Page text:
Friends of his in DreamActivist Georgia (DAGA) went door-to-door in their community to raise funds to help Irvin, but they were only to collect a small amount. Please donate to help defray his costs until he can be reunited with his mother in Georgia. Whether it is a one-time donation or a regular contribution, it could be life-changing for Irvin.
We have all heard of the daily struggles in the South. In addition to being kicked out of schools and denied basic necessities, undocumented immigrants like Irvin are even being kicked out of hospitals. The saying “fighting for our lives” has become literal for so many undocumented people.
Ubel Perez faces deportation on May 13 due to a DUI he committed while suffering from depression. Ubel fears gang violence in Guatemala and wishes to remain in the United States, a country he has called home for the past nine years.
Since arriving in the United States, Ubel has lived in Cincinnati, Ohio. Ubel is currently enrolled in a GED program and wishes to become an electrician. Ubel has become part of his community in Cincinnati, is active in St. Charles Church, and in the community soccer league coaching a women’s soccer youth team. Ubel has worked to support himself and his family since 2003, most recently in the meat-packing industry.
In March 201 l, Ubel was stopped driving while intoxicated while suffering bouts of depression. Ubel spent 20 days in jail before being released on bond. Regretting the actions of the night, Ubel completed the six hour alcohol program. Other than the March 2011 traffic incident, Ubel has never had any other problems with the police.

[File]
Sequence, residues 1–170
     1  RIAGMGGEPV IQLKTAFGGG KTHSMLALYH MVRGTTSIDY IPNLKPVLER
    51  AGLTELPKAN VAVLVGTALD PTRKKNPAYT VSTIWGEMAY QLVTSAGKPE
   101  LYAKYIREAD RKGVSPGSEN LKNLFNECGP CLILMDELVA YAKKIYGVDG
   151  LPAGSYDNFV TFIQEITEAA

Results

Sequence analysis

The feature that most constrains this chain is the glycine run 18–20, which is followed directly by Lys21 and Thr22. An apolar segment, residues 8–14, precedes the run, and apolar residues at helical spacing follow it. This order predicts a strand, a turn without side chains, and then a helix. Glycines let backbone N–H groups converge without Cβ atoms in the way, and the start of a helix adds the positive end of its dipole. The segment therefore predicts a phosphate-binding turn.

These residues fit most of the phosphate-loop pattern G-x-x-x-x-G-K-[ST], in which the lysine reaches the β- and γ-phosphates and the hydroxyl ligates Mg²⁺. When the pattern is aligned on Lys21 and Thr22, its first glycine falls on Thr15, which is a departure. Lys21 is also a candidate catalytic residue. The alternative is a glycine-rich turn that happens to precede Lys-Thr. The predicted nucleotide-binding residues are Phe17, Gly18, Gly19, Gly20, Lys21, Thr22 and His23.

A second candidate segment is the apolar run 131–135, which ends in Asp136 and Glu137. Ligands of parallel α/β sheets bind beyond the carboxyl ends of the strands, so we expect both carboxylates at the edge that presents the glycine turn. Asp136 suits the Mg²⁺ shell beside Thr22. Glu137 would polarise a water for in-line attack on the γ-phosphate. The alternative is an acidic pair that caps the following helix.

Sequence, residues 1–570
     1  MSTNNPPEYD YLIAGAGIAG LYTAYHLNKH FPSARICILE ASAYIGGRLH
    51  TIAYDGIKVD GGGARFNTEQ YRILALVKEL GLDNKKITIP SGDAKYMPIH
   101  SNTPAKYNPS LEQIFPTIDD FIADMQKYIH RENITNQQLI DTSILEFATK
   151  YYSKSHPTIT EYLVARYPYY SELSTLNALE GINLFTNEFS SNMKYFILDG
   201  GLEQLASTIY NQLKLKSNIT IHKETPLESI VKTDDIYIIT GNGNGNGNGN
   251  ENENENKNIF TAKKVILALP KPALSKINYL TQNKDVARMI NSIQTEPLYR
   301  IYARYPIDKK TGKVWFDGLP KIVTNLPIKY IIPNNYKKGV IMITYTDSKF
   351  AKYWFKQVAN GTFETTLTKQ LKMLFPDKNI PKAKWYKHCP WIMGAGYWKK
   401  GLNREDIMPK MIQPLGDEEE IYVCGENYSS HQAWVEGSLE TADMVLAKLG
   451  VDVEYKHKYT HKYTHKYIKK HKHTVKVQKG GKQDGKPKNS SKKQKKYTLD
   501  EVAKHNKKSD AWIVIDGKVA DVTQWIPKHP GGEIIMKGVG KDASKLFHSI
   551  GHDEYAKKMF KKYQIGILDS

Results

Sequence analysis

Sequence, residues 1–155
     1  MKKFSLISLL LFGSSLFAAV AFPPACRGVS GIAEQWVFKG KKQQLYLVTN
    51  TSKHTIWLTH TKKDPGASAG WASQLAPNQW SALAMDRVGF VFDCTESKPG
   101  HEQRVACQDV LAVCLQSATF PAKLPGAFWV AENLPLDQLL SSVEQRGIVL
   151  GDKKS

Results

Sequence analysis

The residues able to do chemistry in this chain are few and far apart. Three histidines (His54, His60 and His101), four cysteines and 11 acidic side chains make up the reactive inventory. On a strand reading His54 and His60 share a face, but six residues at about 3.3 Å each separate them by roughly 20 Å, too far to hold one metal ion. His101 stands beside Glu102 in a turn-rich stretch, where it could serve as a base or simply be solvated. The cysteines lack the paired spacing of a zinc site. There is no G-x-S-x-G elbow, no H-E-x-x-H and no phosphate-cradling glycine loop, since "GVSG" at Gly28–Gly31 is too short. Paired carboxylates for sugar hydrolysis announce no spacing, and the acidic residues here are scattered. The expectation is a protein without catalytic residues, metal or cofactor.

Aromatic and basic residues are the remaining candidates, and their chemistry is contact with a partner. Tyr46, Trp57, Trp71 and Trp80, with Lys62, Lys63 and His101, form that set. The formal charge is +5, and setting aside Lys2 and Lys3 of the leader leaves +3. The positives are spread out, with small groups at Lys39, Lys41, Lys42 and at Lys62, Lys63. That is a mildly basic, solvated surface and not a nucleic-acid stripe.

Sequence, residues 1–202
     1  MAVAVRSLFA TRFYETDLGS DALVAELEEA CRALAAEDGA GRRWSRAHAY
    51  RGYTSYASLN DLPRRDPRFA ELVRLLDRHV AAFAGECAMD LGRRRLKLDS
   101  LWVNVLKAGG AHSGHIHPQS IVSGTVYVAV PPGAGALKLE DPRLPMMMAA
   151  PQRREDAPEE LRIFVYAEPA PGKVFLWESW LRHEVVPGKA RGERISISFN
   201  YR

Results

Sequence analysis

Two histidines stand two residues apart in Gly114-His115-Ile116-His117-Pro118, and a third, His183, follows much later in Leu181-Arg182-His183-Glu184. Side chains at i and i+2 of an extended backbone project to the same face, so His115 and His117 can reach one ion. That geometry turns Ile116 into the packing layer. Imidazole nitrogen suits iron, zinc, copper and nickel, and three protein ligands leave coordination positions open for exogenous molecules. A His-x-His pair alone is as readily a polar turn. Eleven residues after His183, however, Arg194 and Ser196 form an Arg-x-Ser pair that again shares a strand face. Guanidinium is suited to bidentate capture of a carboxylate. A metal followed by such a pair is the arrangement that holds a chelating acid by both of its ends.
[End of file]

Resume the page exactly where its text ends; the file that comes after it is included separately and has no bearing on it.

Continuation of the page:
Ubel is a DREAM Act eligible youth. According to the memo issued by John Morton, Ubel is not a priority for deportation and should be granted favorable exercise of prosecutorial discretion.
My family and I have been living in the state of Pennsylvania for 12 years, ever since we moved to the U.S. in 2000. I’m 22 years old and a sophomore at Eastern University. Growing up, I always knew something was not quite right when I could see my parents were constantly afraid of telling anyone that we “don’t have papers.” I saw them get home late and tired from working long hours at crappy low paying jobs. They would tell me that I needed to be as quiet and as invisible as possible, to avoid any trouble or else we could be deported back to Peru. I remember the fear that they had to even have close relationships with anyone else or to make new friends because they couldn’t trust that others would keep our status a secret. Even though I knew my life was different from that of my friends, I didn’t know how much my status or sexual preferences would impact my future. I made up excuses when my friends would ask me why I wasn’t getting my driver’s license, getting a part time job, or traveling with them before graduation during trips. I felt frustrated and ashamed, and scared that they would judge me and my family if I told them that I couldn’t do all those things.
I remember the first time I felt attraction to a girl when I was a kid in Peru. I didn’t know why I felt that way, and since I was really shy, I didn’t talk about it or give it much thought until I was older. That same attraction happened again when we moved to this country when I was 11 years old; it was like I felt something more than just a friendship but I didn’t know what it meant. When I was 14 years old and a 9th grader in high school, one of my best friends and I started experimenting with smoking and drinking a little. We had a secretive relationship but somehow, other people found out and made fun of us. I didn’t want anyone to know about it, so I denied that anything happened between us. And I didn’t tell my parents because I didn’t know how they would react. I was afraid they would yell at me, ground me, or stop talking to me altogether. After that year, I kept that part of my life hidden from everyone.